First up, Happy New Year! And second up: new years are all about goals for me. I love the whole idea of a fresh start. And if you’ve attended pretty much any one of my courses (and particularly my Kitchen Table workshops) you’ve probably heard me ramble on about setting goals for your blogging and social media. This is normal for me: I’m a list-maker, a goal-writer, a resolution-setter, and I think it works. Whatever form it might take, figuring out an effective way to set some goals for yourself at the very least helps you think about what you want to achieve (giving you a better than average shot at it) and at best, keeps you focused and on track and actually achieving the goals!
When it comes to social media, this gets extra important. Remember my “dip in” theory of social media? It includes setting yourself a time budget for your use of social media (because it’s all too easy to get sucked into a vortex of Facebook updates and Twitter hashtags). Sticking to a sensible amount of time using social media (especially if it’s for your business) makes it less likely that you’ll waste time.
|I wonder what goal I’ve got in mind for increasing my Facebook page “likers”?|
But of course not wasting time isn’t enough. You have to use it well and the way I see it you have to have some goals to be able to do that. So, given that the new year is just beginning, it’s a good time for everyone to sit down and set some social media goals. They don’t need to be complicated or fancy but they have to exist! I tend to set “slightly beyond realistic but possibly achievable” targets for my social media goals – knowing I may or may not meet them, but I’ll be inspired to keep trying. I like having some concrete numbers to track throughout the year so that I can adjust my strategy if I see I’m not getting close enough to achieving the goals.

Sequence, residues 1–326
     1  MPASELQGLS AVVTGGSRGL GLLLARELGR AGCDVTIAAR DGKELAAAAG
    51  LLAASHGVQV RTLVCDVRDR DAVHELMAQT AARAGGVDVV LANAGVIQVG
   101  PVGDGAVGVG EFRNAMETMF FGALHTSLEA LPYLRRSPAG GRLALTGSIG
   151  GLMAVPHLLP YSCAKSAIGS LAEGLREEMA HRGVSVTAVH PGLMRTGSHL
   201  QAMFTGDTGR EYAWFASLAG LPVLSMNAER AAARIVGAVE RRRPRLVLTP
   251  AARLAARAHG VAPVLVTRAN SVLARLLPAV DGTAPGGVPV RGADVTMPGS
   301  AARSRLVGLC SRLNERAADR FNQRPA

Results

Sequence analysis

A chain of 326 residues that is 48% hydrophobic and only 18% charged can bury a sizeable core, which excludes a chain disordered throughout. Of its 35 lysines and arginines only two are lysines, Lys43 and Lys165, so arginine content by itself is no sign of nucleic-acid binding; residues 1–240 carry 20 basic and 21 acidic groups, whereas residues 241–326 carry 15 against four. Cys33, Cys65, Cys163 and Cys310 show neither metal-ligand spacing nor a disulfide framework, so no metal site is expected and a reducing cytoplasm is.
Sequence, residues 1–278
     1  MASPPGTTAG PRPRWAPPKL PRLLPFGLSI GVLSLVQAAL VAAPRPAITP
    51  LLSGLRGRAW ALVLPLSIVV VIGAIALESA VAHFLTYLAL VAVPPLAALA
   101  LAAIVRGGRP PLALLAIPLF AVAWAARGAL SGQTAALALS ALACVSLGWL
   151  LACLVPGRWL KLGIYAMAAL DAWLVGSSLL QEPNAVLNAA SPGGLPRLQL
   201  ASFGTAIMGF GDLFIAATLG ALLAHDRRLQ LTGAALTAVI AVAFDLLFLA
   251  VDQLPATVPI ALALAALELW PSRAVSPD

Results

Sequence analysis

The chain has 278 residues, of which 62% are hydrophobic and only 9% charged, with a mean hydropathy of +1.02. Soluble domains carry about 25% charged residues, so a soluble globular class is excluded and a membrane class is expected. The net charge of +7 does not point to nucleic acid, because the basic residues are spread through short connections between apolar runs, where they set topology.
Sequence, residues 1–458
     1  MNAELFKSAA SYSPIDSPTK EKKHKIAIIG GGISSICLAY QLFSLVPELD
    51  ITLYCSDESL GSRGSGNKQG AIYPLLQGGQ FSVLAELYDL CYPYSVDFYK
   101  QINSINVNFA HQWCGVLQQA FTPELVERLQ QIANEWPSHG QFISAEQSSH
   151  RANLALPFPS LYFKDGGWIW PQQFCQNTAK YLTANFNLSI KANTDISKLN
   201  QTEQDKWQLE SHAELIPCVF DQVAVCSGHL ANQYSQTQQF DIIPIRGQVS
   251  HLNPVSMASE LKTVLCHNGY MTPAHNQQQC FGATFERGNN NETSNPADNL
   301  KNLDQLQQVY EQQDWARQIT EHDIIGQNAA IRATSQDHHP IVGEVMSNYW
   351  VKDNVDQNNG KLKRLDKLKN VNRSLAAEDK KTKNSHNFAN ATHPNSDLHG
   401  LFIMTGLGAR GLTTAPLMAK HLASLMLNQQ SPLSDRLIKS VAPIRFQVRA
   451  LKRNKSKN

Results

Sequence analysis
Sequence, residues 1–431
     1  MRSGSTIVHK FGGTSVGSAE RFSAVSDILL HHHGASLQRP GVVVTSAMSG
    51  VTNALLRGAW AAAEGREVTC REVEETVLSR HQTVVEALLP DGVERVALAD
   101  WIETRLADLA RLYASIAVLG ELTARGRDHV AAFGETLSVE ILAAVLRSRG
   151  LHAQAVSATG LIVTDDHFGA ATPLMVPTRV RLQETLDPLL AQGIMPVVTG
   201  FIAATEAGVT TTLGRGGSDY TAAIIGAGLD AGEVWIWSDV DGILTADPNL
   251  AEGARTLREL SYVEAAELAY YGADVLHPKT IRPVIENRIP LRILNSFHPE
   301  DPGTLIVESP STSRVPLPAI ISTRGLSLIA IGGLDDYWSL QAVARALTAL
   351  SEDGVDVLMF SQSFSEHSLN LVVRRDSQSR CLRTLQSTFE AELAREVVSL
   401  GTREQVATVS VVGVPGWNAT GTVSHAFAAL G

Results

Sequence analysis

So what might these social media goals be? Keeping it simple is definitely the way to go so consider some of these possibilities, depending on what social media you’re using:
- Number of Facebook page “likers”
- Number of Twitter followers
- Number of connections on LinkedIn (bearing in mind quality over quantity) or number of followers of your LinkedIn company page
- Number of … you get the idea? Not that number is everything of course – anyone can buy thousands of fans from Cambodia or the Philippines for their Facebook page – so make sure your goal is to get quality followers who want to interact with you (and ultimately buy your product or service)
- Quality of Facebook “likers” – look in the demographics section and, for example, improve the proportion of likers who fit your targets (eg age group or gender); especially if you’re running a location-dependent business, then look in your demographics and try to improve the proportion of likers who live in your local area
- Number of comments on your Facebook posts
- Number of retweets and/or @mentions on Twitter
- Interaction on your LinkedIn posts (comments, likes, shares)
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